The Philadelphia Pediatric Medical Device Consortium (PPDC) has announced its latest round of seed grants to companies developing medical devices for children. The Consortium chose six companies from among 10 finalists in a competition to receive seed grants of up to $50,000.
The devices are an airway clearance system, a urological biofeedback monitor, a vesicoureteral reflux diagnostic tool, an eye-tracking test for traumatic brain injury patients, a cranio-maxillofacial distractor and a vision acuity test for preverbal children.
Funded by the U.S. Food and Drug Administration and based at Children’s Hospital of Philadelphia (CHOP), the PPDC provides know-how and seed funding to help innovators translate promising ideas into commercial medical devices for use in children. The PPDC is a collaboration between CHOP, Drexel University and the University of Pennsylvania.
The new round of awards is the fifth by the PPDC, following seed grants announced in February 2015, January 2016, January 2017 and October 2017.
“We are once again delighted to support innovators of promising medical devices that address unmet clinical needs in children,” said engineer Matthew R. Maltese, PhD, of Children’s Hospital of Philadelphia, the Consortium’s executive director and principal investigator. “We received a strong field of proposals from which to choose.”
Dymedso, Inc. of Montreal, Canada, is developing the Neo™, a non-percussive acoustic airway clearance device specifically designed for infants and young children with lung diseases such as cystic fibrosis. The Neo™ uses sound waves for chest physiotherapy, which is more appropriate for toddlers and infants than clapping or percussive treatment.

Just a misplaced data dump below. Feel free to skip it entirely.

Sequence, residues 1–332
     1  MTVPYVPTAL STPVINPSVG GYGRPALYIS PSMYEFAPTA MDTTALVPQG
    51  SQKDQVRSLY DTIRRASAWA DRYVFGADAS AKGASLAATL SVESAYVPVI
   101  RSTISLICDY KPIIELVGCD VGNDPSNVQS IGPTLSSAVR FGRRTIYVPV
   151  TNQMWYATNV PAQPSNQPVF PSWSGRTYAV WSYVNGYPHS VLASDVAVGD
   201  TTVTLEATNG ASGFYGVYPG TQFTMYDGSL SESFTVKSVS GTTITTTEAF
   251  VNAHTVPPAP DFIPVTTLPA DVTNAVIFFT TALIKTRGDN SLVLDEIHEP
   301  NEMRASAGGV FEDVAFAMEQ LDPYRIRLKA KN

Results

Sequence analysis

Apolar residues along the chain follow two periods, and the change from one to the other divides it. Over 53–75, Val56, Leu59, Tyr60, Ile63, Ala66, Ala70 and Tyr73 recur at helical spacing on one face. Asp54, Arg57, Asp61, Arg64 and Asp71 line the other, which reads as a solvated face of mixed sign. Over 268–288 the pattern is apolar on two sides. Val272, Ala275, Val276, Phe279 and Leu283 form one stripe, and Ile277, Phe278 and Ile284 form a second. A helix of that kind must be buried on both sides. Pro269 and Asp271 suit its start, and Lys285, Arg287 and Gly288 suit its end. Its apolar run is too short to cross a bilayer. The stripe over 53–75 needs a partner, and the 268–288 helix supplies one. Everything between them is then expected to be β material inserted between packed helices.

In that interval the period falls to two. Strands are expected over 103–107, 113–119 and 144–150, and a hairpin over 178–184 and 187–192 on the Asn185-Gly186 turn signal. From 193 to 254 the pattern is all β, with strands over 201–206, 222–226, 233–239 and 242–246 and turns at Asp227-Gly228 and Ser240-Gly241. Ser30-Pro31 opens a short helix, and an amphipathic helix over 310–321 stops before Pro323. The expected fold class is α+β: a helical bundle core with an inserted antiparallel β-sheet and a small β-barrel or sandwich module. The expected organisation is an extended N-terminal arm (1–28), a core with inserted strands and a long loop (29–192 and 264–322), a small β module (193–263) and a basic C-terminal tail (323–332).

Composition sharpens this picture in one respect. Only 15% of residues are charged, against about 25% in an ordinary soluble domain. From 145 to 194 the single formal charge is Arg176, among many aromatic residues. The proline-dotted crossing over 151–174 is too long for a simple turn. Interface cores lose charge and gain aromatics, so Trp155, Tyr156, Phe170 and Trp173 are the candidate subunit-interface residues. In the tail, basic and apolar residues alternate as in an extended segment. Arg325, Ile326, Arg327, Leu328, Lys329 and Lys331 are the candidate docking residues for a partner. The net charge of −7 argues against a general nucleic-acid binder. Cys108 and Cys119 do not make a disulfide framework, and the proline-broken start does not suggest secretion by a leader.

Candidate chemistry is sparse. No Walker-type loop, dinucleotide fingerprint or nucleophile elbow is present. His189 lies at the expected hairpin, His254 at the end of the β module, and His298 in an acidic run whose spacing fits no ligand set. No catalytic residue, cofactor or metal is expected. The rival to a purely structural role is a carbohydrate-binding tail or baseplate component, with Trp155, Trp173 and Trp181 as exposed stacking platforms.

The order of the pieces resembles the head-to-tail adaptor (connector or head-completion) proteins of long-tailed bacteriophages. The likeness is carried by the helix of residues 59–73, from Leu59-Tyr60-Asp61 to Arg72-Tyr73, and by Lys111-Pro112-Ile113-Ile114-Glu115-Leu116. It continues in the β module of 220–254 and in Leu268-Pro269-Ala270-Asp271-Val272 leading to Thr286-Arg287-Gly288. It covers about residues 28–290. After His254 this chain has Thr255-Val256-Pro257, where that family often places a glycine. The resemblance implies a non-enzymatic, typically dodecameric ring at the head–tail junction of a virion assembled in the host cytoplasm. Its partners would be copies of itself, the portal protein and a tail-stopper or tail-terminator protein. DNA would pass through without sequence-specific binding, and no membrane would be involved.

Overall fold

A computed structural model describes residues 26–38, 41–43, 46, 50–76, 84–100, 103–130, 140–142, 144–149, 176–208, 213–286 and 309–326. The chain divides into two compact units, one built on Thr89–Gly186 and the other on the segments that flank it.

Jason Van Batavia, MD, of CHOP is creating a home device for pediatric patients and their families to keep track of urinary flow rates and patterns. Real-time biofeedback is invaluable for the treatment of dysfunctional voiding. Data will be sent wirelessly to a smart phone or tablet and will be visualized in a mobile app. The patient’s physician will also be able to remotely monitor the progress of the patient’s treatment.
Kite Medical of Galway, Ireland, is developing a device to detect vesicoureteral reflux (VUR) in children. VUR is a condition that can potentially lead to kidney damage. Current diagnostic procedures require catheterization and radiation exposure. This device could offer a noninvasive, child-friendly alternative.
Oculogica Inc. of New York City is creating the EyeBOX, an eye-tracking based test to noninvasively and instantaneously assess intracranial pressure (ICP) in under four minutes. Quick and accurate detection of ICP in children following a traumatic brain injury would facilitate timely treatment and prevent further injury.
Ostiio LLC of Philadelphia is developing a novel device for distraction osteogenesis (DO) within the cranio-maxillofacial skeleton. For many years, DO has been used to correct congenital skeletal defects by promoting the growth of new bone. Unlike current DO methods, the Ostiio device would be fully internalized and remote-controlled, thereby decreasing the risk of infection, and improving patient and surgeon satisfaction.
Vifant LLC of Philadelphia is developing a digital platform that identifies vision acuity impairment in preverbal children. Waiting to treat visual impairment until children are old enough to verbally communicate may result in reduced early learning development or blindness. This device could enable physicians and parents to be proactive about their child’s vision health without the need for verbal communication with the child.
Applications for PPDC funding opportunities are accepted from both U.S. and non-U.S.-based companies. The Consortium also accepts applications year-round for in-kind services and expert advice.
For more information on the PPDC, visit www.phillypediatricmeddevice.org